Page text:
Mountain Biking: Hardtail Mountain Bikes Rule the Roost
If there’s a sport out there that allows you to test your physical stamina, orientation skills, nerve and skills for self-control and control over a moving object, then that has to be mountain biking. Mountain biking is performed in four main disciplines and each and every one of them as exciting and demanding: cross country, downhill, four cross and trailquest. Out of these, only cross country biking (which many consider it to be the hardest test for a biker’s maneuvering skills and endurance) is an event that is available on the Olympics, thus only elite bikers have the chance to compete.
We’ll put aside the elite bikers for now and concentrate on the ordinary practice of mountain biking for which the most important thing, besides a dose of bravery and physical stamina, is choosing the proper bicycle. Generally, there are two types of mountain bikes: hardtail mountain bikes and full suspension bikes. Which one you’ll choose depends on many factors, the terrain being the most important one.
In this post, I’ll concentrate on the characteristics of a hardtail mountain bike, because as a beginner, or someone who likes the occasional thrill of riding a rough mountain terrain, this one is much worth a while in more than one aspect.
First, let me explain the difference between the two types and the purpose they both serve. Both hardtail mountain bikes and full suspension bikes use suspension to make biking on rough terrains durable and possible. Full suspension bikes have shock absorbers on the front and the back wheels, whereas hardtail bikes have only one suspension fork on the front wheel. As such, both of them can’t be used for the same types of biking styles, because from the very start, they’re different in design, construction and weight.
Having only one suspension fork on the front wheel makes the hardtail bike a lightweight model and therefore, a lot easier to control and ride. As such, hardtails are a good option for downhill riding in mildly rough terrains and are especially good for dirt jumping, as these biking practices include some moves and maneuvers that put immense pressure and shock the front wheel which can lead to you falling off the bike if shock absorbers aren’t present.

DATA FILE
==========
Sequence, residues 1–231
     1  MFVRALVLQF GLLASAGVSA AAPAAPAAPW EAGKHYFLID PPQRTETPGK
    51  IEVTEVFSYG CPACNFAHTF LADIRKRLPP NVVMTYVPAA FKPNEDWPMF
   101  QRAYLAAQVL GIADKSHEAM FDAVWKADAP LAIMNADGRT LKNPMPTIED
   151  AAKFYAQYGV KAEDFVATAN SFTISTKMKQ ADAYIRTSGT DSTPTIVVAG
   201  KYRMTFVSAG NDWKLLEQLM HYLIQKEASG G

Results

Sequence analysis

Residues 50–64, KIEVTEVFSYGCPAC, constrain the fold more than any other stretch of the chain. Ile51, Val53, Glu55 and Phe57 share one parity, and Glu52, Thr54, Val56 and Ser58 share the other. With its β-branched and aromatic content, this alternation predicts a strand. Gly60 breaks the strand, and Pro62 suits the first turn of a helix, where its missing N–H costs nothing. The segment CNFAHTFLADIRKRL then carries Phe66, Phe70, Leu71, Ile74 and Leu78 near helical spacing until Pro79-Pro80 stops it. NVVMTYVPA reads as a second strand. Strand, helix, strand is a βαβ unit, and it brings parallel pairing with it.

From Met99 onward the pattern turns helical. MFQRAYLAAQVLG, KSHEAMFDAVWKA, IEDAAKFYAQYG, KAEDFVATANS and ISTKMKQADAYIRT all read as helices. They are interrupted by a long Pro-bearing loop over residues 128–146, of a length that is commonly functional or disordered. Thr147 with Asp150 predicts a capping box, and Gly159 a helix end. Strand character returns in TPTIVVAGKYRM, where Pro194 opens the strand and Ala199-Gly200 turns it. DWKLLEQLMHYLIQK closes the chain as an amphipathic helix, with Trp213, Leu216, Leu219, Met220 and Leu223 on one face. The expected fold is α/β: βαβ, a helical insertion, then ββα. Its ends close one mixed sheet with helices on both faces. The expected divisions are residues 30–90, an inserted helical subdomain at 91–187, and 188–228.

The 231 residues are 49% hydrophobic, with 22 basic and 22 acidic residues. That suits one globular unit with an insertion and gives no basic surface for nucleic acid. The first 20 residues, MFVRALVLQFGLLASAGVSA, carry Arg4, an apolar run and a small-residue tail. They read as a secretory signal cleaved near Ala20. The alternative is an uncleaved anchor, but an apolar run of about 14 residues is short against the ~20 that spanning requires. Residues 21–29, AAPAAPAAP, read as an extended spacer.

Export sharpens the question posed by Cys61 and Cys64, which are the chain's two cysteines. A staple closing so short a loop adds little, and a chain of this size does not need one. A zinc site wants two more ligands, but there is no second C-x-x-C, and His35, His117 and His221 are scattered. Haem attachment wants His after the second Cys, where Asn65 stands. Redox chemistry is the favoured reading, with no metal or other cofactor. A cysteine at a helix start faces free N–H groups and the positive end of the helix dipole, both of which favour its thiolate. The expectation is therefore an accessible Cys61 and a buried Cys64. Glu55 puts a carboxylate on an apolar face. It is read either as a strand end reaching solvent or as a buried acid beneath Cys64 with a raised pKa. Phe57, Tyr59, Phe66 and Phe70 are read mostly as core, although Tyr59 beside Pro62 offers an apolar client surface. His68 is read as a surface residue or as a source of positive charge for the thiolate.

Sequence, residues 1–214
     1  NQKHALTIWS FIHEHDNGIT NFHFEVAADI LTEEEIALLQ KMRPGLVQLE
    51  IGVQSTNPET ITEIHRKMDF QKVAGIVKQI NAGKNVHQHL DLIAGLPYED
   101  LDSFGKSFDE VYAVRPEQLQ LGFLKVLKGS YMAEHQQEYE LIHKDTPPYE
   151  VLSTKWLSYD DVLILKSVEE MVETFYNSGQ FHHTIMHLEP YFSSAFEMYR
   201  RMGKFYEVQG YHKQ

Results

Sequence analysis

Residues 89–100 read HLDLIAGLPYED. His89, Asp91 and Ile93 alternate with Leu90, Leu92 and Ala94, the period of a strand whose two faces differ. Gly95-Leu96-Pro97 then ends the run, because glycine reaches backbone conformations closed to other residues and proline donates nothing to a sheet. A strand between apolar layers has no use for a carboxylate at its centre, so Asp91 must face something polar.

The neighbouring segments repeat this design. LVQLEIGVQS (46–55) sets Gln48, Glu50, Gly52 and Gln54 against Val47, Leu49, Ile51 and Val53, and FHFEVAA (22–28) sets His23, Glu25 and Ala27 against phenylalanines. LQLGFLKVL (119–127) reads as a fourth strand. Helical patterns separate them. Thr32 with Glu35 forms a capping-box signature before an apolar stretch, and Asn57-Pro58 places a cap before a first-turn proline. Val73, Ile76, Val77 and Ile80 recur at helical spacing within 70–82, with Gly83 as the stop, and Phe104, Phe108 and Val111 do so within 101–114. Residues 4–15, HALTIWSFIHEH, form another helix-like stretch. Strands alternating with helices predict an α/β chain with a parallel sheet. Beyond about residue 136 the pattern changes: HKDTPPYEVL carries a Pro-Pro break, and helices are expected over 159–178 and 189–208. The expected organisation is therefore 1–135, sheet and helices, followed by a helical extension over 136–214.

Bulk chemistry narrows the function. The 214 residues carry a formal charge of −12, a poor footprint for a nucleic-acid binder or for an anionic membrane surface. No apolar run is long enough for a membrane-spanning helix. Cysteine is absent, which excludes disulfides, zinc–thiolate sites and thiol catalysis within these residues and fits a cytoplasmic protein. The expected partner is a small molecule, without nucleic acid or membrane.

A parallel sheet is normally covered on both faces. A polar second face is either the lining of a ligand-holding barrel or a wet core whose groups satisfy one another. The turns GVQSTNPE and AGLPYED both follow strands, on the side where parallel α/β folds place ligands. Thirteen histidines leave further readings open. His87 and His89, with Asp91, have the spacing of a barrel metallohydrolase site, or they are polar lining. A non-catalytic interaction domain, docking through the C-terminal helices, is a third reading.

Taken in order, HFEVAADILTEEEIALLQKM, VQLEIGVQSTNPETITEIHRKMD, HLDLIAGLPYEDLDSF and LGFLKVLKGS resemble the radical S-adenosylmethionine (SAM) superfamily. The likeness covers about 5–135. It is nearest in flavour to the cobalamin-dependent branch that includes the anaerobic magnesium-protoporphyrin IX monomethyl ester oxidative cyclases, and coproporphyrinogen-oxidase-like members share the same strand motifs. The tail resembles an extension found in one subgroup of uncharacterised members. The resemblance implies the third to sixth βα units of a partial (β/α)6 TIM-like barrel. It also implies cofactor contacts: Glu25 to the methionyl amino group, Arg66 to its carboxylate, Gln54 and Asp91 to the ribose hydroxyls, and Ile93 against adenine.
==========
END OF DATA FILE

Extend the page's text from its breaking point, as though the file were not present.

Since these bikes are very lightweight, they’re the perfect choice for beginners, or as an option that you can use for recreational biking as well. Another good advantage of the hardtail’s front suspension fork is that upper limb fatigue is greatly reduced. Also, you can easily keep your hands on the handlebars at all times and steer the bike on more rough terrains.
There’s also the budget question – the hardtail bike is more available from a price point of view. Since it doesn’t have that much parts as a full suspension bike for example, it’s normally going to be cheaper. Also, the fact that it’s mechanically simpler, means that maintenance will cost less, thus you will have less costs.
To make a decision, it won’t be of much help taking the facts about the hardtail bike only. Additionally, it’s smart to make a full plan of your biking activity: examine the terrains and trails where you’ll be riding and see whether there are a lot of rocks, bushes and trees on your way. Take into consideration the ground – is it often wet and muddy? Also, be true to yourself: are you physically ready to take on a rather big incline? This means you need to consider the acceleration, along with the fact that you’ll be rushing downhill along with your bike and you need to reach the goal on it, not off of it. Yes, it’s a challenge, but one that raises your adrenaline to the rooftop, if done properly.